NEW YORK —Looking good.

That’s the attitude retail and apparel analysts have toward the stocks they cover.

Despite the roller-coaster ride felt on both Main Street and Wall Street, retail and apparel stocks are poised to fatten investors’ portfolios in the second half, as apparel companies begin to mark the anniversary of markdown-heavy performance last fall and look forward to a more fashion-driven back-to-school selling season.

In addition, observers agree, retail executives have been diligent, trimming inventories and buying closer to need, generating stellar gross margins and eking out decent profits in an economic environment that is starving for good news.

Although retail and apparel stocks have generally been on par with the broader market, taking the ride along with everyone else, David Lamer, an analyst with Ferris, Baker Watts, said: "There are a lot of good opportunities out there to buy some of these companies at these inexpensive prices. The business continues to be good and, with inventory levels being as low as they are, I think gross margins will be rescued and sales will improve in the back half of the year."

Most industry observers agreed, calling the sector a safe haven for investors’ dollars because of the strength of business fundamentals going into the all-important second half. So while investors may be reluctant to put money in the equity market due to the recent corporate scandals at Enron, Worldcom and Adelphia, they say when they become comfortable again — and when new laws are put in place to prevent future scandals — retail and apparel stocks are a safe place to go because of their hard assets like real estate. That’s in contrast to the past, when ideas and trademarks made technology issues the darlings of Wall Street.

Lamer said his favorite picks are such stocks as Coach, Tiffany, Neiman Marcus and Nordstrom, whose prices got knocked around out of fear their customers would be hardest hit during the economic slowdown. "Coach is my favorite pick out there because its stock price has been driven down by the Street almost 33 percent in the month, but its business has been great and it is a great brand." he said. In addition, he liked Dillard’s, calling it "the underdog," although its business remains healthy and its gross margins continue to improve as it focuses more on private label brands."In uncertain times, people still need to shop, and it is a lot easier to purchase a Coach handbag than a $7,000 couch," Lamer said.

Dana Telsey, an analyst at Bear, Stearns, agreed with the upside potential of these stocks. "Retail fundamentals are strong," she said. "Apparel retailers are in better shape this year than they were last year — inventory levels are lean, retailers are up against easier comps than last year and margins are stronger." Telsey said her picks of the moment include The Limited Brands, Ann Taylor and Talbots, as well as off-price retailers like Ross and TJX, both of which were able to get more brands in their stores to attract more customers.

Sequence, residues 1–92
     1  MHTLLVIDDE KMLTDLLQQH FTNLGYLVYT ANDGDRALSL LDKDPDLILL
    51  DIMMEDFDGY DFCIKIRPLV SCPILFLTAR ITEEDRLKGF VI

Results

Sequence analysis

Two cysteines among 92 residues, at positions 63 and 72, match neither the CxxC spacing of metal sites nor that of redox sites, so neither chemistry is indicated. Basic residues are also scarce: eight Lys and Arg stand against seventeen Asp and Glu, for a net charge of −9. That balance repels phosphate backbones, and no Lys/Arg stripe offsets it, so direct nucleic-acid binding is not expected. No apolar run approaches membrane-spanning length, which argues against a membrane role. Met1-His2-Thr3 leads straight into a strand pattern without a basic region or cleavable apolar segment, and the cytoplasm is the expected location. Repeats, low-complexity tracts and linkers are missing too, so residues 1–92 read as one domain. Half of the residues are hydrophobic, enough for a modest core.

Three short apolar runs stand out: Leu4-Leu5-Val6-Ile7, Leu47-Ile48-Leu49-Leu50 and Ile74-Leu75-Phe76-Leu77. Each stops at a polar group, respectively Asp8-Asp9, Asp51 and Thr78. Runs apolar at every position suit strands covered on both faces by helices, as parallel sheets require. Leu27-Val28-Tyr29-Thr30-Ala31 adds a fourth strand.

However, the wild card this year is consumer confidence and how the public will react to dwindling stock values and the prospects for delayed retirement. Some analysts said they are waiting to see how back-to-school sales will fare before they put out any green lights to purchase stocks. But with new fashion hitting the stores, they believe there is justification for some optimism.

The cyclical nature of retail, and its dependence on the back half of the year for sales and profits, tends to depress those stocks at this time of year anyway. But add to that the weakness of retail a year ago and the upside for fashion in the months ahead and the potential for stock growth seems considerable.

Joe Teklits at First Union Securities noted stocks’ valuations are down to near their average historical low levels, meaning the downside risk to owning these names does not seem to be significant. He noted that, over the past four years, his group of specialty retailers has traded down as low as 15 times earnings and as high as 24 times. However, currently, the group is trading at 16 times earnings estimates.

Teklits said his picks are Pacific Sunwear of California, which just reported a 10.5 percent June comp gain, and Abercrombie & Fitch because it still has good growth potential.

"This is the time of year you want to own retail stocks, not trade them," Teklits said. "Although right now, investors have some trepidation going into the fall and holiday season because of the risk of it being a bust, over the long run, getting involved with retail stocks at these lowered prices is a positive."Kimberly Greenberger at Lehman Bros. said that while lower interest rates helped the home and auto industries prosper following the terrorist attacks last year, the retail sector suffered major setbacks in the third and fourth quarters. Stores slashed prices to rid themselves of excess inventory, hurting profitability.

"As long as we do not have some kind of shock to the economy or double-dip recession, the consumer will likely continue to spend on smaller-price-point purchasing, including apparel, accessories and footwear, as the economic recovery comes in fits and starts," she said. "As a result, companies can now start looking for profit growth this year, and that is attractive to the sector’s stock performance," she said. "The hurdle is so much lower in the retail group."

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